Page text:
Daghestan’s Ministry of Internal Affairs has published a video on social media of a 14-year-old girl testifying to facing years of sexual abuse at the hands of her neighbours.
The release came as the authorities faced questions over allegations the police tortured one of the suspects into confessing and tortured the victim’s parents into implicating him.
The ministry published the video on its official Instagram page on Sunday. In it, the girl, whose face is blurred, gives her full name as well as the names of the alleged perpetrators.
These include Musa Aliyev, a 50-year-old neighbour of the girl in Mutsalaul, a village in the west of the Russian republic, in Khasavyurt District.
She also says in the video that Aliyev’s family threatened her into remaining silent.
A criminal case was launched in early September after a hospital reported to police that a young girl had suffered a miscarriage.
On 5 September, the girl’s parents were taken to the Kazbekovskiy District police department where, according to them, they were tortured into testifying against Aliyev, who they later insisted was innocent.
On 6 September, Aliyev was taken to the Khasavyurt police station for questioning, where he claims he was tortured into signing a confession to the rape. He was arrested on 15 November and remains in pre-trial detention.
Both Aliyev and the girl’s parents have submitted complaints to the Russian Prosecutor General’s Office accusing the police of torture.
In late October, a criminal case was launched against two officers from the Khasavyurt police department — Ramazan Suleymanov and Yusup Magomedov — for abuse of power and the use of violence. The officers have been placed under house arrest.
[Read more on OC Media: Parents of 14-year-old rape victim ‘tortured into testifying’ in Daghestan]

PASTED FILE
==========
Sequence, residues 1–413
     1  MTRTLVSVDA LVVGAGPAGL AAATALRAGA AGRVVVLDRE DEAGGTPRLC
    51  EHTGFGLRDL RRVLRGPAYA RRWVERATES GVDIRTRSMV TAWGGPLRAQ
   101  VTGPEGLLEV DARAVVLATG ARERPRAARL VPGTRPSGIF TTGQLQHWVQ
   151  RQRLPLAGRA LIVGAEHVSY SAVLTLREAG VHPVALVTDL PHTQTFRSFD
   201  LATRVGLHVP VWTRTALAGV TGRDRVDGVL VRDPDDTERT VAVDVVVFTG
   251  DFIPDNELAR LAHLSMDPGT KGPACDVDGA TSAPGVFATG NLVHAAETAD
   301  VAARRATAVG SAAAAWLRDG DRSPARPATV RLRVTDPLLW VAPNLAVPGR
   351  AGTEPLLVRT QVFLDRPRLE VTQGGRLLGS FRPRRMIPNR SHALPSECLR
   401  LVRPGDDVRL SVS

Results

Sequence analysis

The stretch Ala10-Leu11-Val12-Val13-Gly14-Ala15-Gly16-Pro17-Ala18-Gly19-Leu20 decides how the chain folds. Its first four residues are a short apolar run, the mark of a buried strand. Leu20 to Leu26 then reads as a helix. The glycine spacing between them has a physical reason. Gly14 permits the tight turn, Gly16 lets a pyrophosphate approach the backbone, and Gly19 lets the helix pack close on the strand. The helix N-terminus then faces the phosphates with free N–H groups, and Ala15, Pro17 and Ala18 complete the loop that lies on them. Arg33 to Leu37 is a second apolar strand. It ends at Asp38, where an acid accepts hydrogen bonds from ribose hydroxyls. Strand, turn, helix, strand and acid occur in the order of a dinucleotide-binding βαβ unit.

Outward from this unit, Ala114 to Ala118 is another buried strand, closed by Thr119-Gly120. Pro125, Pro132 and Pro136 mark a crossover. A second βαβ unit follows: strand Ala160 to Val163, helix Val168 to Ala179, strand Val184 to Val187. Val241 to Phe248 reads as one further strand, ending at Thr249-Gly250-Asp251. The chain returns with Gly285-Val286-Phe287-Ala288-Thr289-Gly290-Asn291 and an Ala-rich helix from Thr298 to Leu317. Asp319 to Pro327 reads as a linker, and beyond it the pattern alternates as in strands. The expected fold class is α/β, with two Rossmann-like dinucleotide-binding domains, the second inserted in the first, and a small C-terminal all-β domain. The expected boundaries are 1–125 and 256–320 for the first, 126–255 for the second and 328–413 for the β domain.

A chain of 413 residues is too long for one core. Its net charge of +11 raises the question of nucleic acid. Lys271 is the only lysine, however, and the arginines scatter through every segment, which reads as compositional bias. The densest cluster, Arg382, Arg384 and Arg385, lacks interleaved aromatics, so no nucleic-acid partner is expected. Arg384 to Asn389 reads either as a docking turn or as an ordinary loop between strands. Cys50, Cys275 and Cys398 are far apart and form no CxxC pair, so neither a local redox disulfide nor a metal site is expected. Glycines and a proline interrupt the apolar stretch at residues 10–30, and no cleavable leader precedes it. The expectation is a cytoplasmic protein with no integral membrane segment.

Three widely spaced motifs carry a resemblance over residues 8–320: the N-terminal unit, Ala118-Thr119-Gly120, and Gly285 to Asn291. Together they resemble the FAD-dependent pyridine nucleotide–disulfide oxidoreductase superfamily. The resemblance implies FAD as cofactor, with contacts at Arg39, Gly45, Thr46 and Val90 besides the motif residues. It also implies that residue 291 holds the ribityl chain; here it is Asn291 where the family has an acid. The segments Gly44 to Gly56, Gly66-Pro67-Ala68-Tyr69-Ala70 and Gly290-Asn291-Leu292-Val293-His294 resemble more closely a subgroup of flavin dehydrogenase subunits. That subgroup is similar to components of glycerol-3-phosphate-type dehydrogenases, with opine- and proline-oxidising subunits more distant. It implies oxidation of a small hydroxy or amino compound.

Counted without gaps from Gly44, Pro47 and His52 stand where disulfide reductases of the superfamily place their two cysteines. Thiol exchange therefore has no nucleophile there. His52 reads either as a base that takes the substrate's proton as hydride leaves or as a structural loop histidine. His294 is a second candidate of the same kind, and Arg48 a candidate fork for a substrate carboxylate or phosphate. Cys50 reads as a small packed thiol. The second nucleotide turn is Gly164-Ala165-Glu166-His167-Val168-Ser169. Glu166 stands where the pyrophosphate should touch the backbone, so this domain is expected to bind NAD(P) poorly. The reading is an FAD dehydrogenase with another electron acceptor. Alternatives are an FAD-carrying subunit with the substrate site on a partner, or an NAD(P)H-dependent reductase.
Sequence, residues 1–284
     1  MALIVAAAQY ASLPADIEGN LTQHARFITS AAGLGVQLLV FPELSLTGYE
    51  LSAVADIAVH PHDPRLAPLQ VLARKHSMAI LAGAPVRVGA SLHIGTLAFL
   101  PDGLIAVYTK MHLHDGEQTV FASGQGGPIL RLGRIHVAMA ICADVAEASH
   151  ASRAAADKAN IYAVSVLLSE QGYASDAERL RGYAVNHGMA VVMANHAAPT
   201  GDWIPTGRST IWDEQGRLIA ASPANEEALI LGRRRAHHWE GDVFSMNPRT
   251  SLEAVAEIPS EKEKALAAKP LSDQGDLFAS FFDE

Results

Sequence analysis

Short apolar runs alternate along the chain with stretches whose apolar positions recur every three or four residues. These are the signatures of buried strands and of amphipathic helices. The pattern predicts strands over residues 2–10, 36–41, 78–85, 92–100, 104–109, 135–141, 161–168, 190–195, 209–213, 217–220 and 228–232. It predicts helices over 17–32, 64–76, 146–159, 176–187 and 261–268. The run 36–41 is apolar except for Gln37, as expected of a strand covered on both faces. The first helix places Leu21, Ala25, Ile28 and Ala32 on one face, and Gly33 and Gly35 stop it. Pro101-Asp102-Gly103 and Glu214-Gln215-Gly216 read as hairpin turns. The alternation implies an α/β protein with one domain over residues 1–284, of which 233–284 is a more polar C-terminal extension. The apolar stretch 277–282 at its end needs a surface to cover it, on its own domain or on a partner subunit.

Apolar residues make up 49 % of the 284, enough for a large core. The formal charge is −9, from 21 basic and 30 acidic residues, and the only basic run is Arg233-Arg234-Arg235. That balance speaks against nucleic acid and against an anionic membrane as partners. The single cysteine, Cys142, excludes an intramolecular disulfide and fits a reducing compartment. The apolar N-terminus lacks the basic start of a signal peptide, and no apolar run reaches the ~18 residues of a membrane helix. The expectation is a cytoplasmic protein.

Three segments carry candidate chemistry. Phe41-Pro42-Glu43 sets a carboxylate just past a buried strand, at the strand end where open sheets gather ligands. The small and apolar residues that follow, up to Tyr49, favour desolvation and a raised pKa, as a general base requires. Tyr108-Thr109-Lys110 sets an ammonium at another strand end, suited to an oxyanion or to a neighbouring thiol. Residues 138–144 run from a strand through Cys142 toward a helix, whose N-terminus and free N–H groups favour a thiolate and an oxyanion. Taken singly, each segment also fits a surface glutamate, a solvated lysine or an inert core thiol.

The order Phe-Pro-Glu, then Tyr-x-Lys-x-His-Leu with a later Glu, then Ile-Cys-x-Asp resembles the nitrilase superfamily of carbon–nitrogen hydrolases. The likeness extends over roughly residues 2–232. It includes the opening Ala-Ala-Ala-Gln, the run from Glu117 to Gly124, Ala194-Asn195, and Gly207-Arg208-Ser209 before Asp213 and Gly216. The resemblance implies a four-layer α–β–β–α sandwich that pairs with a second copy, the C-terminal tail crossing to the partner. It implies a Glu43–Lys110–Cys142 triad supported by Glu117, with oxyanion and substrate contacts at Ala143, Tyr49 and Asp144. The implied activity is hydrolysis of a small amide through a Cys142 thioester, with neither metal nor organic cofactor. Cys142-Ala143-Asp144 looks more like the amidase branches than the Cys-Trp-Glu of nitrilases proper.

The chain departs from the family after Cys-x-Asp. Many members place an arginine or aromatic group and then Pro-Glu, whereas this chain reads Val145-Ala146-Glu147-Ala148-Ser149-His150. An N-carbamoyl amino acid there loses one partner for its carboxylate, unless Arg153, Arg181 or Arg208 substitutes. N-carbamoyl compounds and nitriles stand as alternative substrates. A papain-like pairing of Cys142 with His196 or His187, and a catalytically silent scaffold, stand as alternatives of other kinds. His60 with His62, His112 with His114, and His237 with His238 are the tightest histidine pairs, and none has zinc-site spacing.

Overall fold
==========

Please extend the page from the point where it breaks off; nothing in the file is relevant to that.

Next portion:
The investigations into both the allegations of rape and of police brutality are now both being handled by the Investigative Committee of Daghestan.
The committee told OC Media that there were three suspects in the rape investigation but did not give their names.
The girl has been removed from her parents’ care and is currently in a state social centre.
‘To create public opinion’
Abubakar Yangulbayev, a lawyer from the Committee Against Torture who is representing Aliyev in his complaint against the police, told OC Media that the video released by the Interior Ministry was an attempt to deflect attention away from allegations against the police.
He accused the ministry of manipulating the victim into making a false statement and noted that the video only appeared after two police officers were arrested.
Yangulbayev said he believed both the video and the prosecution of his client were designed to save the police from criminal liability. He said that the authorities were now trying to convince the public that Aliyev is a paedophile in order to do this, despite his guilt not having been proved.
Yangulbayev said he had an audio recording of the victim taken in her school in which she admits that she was forced to falsely implicate Musa Aliyev. OC Media was unable to verify the authenticity of the recording.
Yangulbayev said he was preparing to file a defamation lawsuit against Interior Ministry spokesperson Gayan Gariyev for publishing the video.
He also vowed to file a complaint against the ministry for violating the privacy of the girl. The authorities are prohibited under Russian law from identifying victims under the age of 16.
Salimat Kadyrova, a lawyer representing Aliyev, told OC Media that in the girl’s initial testimony on 5 September, she did not mention Musa Aliyev.
According to her, after the girl’s aunt reported the rape to the police, all adult men in the village of Matsalaul were detained. She said Aliyev was taken to the police station under the pretext of a murder investigation.
According to Kadyrova, after the girl did not identify him, he was released.
Kadyrova also said that the girl had repeatedly changed her testimony.
‘The airing of dirty laundry in public’
Saida Sirazhudinova, the president of Caucasus World Development, a local non-profit, told OC Media she believed cases of domestic violence, child abuse, and rape had become more frequent in Daghestan.
‘When there is impunity — violence flourishes. Daghestan is no exception. In fact, society, neighbours, and villagers very often either know about or suspect violence or even a serious crime, but they are always silent’.
According to Sirazhudinova, cases of rape are ‘rarely talked about and reported only as a last resort’.
She said that when she talked about ‘honour killings’, most of the villagers ‘pleaded or even tried to hide the crime’.
‘The publication of the crime is perceived by many as being shameful for the victim and all of her many relatives — “the airing of dirty laundry in public”. Therefore, neighbours who do not want to spoil their relations simply do not interfere.’